New York One minute, Mariano Rivera was bent over on the mound in disgust. The next, the Yankees were piling on Derek Jeter at home plate.
After a surprising blowout in the season opener, New York and Boston got right back to playing exhilarating baseball.
Jeter's ninth-inning homer gave the Yankees a 4-3 victory Tuesday and bailed out Rivera after the All-Star closer blew yet another lead against the Red Sox.
"We escaped today," New York manager Joe Torre said. "Mariano is still the best in the game as far as I'm concerned. That doesn't mean that clubs aren't going to get to him once in awhile. These guys we're playing are the world champs."
Jason Varitek's homer off Rivera tied the score in the ninth. But Jeter led off the bottom half and drove Keith Foulke's 3-2 pitch over the right-field fence, giving the Yankees their second consecutive victory over Boston to begin the season.
"Just a bad pitch to the wrong guy," Foulke said. "I kind of thought he popped it up and he did, but he hit it a lot farther than I thought."
Jeter also wasn't sure if he got enough until the ball cleared the fence. He said it was only the second game-ending homer of his career -- the other came in Game 4 of the 2001 World Series against Arizona.
But the Yankees captain took no extra satisfaction in spoiling Boston's day.
"We're trying to win. It doesn't matter who we're playing," Jeter said.
Carl Pavano dazzled in his New York debut, Hideki Matsui hit his second home run in two games, and the Yankees handed a 3-2 lead to Rivera, who blew just four saves during the regular season last year but three in the playoffs.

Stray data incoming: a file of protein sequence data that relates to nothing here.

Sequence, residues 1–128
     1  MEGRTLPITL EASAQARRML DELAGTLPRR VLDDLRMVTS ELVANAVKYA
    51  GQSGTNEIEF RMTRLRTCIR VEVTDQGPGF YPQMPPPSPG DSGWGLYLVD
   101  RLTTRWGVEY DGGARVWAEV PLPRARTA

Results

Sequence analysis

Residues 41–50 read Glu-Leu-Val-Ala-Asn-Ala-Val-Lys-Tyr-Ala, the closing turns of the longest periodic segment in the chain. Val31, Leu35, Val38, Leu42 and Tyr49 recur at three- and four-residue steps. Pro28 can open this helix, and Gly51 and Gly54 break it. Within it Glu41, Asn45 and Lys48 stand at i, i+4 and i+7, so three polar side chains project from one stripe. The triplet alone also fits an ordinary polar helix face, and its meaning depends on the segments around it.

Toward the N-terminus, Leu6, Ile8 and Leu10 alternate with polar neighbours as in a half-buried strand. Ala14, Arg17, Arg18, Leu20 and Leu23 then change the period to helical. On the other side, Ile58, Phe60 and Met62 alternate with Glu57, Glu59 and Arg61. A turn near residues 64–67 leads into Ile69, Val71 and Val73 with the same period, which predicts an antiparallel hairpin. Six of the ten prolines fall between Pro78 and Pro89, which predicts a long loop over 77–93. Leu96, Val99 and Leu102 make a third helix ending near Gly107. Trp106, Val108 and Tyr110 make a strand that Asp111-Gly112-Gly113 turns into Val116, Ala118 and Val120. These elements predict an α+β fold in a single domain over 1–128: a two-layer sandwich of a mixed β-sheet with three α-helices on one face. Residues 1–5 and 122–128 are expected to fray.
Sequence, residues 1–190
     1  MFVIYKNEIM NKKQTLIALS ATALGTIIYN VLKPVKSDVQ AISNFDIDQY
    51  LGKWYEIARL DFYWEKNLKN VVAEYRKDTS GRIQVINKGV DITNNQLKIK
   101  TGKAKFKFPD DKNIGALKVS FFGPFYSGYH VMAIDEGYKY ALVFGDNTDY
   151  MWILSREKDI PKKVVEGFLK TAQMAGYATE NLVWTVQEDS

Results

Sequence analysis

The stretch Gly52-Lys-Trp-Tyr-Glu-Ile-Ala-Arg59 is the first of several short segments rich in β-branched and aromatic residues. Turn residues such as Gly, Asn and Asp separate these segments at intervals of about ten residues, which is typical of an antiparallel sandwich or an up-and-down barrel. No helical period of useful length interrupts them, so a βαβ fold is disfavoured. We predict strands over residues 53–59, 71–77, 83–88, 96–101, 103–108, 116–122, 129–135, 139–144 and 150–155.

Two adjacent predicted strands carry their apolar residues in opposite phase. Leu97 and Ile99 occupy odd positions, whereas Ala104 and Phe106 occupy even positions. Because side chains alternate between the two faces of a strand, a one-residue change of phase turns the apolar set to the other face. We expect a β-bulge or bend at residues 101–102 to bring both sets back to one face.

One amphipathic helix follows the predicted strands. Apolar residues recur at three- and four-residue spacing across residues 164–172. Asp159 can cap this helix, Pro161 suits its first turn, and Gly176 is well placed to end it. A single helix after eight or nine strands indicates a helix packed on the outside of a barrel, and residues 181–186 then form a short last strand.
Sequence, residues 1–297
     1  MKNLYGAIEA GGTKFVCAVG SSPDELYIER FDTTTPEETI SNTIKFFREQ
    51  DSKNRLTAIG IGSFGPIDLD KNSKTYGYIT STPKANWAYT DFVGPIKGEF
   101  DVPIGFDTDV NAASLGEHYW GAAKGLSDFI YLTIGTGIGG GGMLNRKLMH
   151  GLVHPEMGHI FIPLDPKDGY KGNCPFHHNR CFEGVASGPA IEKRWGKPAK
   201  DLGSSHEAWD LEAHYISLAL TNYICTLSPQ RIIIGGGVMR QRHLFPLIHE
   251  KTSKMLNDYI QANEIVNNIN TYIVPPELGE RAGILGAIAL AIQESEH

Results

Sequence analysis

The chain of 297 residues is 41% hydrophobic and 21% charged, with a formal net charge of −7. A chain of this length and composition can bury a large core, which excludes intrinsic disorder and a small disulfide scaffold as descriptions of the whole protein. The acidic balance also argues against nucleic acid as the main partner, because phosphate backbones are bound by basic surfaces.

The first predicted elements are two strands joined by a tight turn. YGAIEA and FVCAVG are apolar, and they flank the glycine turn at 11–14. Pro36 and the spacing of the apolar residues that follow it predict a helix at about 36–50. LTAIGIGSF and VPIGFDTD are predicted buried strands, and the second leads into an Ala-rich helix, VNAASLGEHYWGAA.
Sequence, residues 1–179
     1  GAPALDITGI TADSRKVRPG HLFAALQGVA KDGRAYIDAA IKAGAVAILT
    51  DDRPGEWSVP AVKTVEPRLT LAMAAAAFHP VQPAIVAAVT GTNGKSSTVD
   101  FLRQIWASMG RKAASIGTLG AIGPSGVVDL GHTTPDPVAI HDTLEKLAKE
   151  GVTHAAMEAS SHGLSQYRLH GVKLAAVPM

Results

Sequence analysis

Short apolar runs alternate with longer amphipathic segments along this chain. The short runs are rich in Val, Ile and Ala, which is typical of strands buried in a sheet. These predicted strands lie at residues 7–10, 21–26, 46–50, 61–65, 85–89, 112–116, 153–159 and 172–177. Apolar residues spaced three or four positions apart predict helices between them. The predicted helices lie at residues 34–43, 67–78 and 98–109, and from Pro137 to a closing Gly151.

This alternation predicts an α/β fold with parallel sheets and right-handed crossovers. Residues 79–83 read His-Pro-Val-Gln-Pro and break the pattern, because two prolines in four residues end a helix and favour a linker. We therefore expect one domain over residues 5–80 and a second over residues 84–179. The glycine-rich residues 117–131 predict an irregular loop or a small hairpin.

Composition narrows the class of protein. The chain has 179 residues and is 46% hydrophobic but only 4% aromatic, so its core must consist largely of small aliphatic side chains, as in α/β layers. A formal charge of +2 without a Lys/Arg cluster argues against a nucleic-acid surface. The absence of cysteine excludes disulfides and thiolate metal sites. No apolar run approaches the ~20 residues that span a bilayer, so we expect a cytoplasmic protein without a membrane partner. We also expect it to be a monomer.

After Rivera struck out Edgar Renteria to start the ninth, Varitek lined a 1-2 pitch over the right-field fence, costing Pavano a victory.
Varitek pumped his fist as he rounded first base while Rivera shouted in frustration, a rare display of emotion. Surely he was recalling the leads he didn't protect against Boston in last year's AL championship series.
"I'm a human being. I bleed. I'm not a machine," Rivera said.
The Yankees were three outs from a four-game sweep when the Red Sox rallied against Rivera in Game 4 at Fenway Park, erasing a one-run deficit. They won that game in 12 innings, then came back against Rivera and his bullpen mates the next night, too.
Boston won the AL pennant in Game 7 at Yankee Stadium and went on to its first World Series title in 86 years.
Two of Rivera's blown saves during the regular season were against the Red Sox: He was 0-2 with a 4.22 earned-run average in nine appearances.
"I don't think we take the air out of him. He still has that confidence," Boston's Johnny Damon said.
Angels 3, Rangers 2
Anaheim, Calif. -- Vladimir Guerrero hit a solo homer in the first inning and doubled home a run in the sixth, and Bengie Molina singled home another in the seventh inning to lead Los Angeles.
Bartolo Colon held the Rangers to one run over 62/3 innings for the Angels, playing their first regular-season game with Los Angeles instead of Anaheim in front of their name.
Twins 8, Mariners 4
Seattle -- Jacque Jones hit a two-run home run, and Minnesota Twins survived an ugly start by Cy Young winner Johan Santana to beat Seattle.
The Twins collected 14 hits on the night, and they batted around and scored seven runs in the fifth inning. Minnesota used seven singles -- four off Mariners starter Gil Meche -- and Jones' shot into the right-field stands for a 7-4 lead. It made a winner of Santana, who won 20 games and led the AL with a 2.61 ERA last season but didn't look himself right away.
The Twins trailed 4-0 in the first after Adrian Beltre's two-run double, Richie Sexson's RBI double and a one-out RBI single by Raul Ibanez.
Blue Jays 6, Devil Rays 3
St. Petersburg, Fla. -- Shea Hillenbrand's bases-loaded single snapped a sixth-inning tie and helped promising young left-hander Gustavo Chacin lead Toronto over Tampa Bay. Chacin allowed two singles and Alex Gonzalez's solo homer in five innings.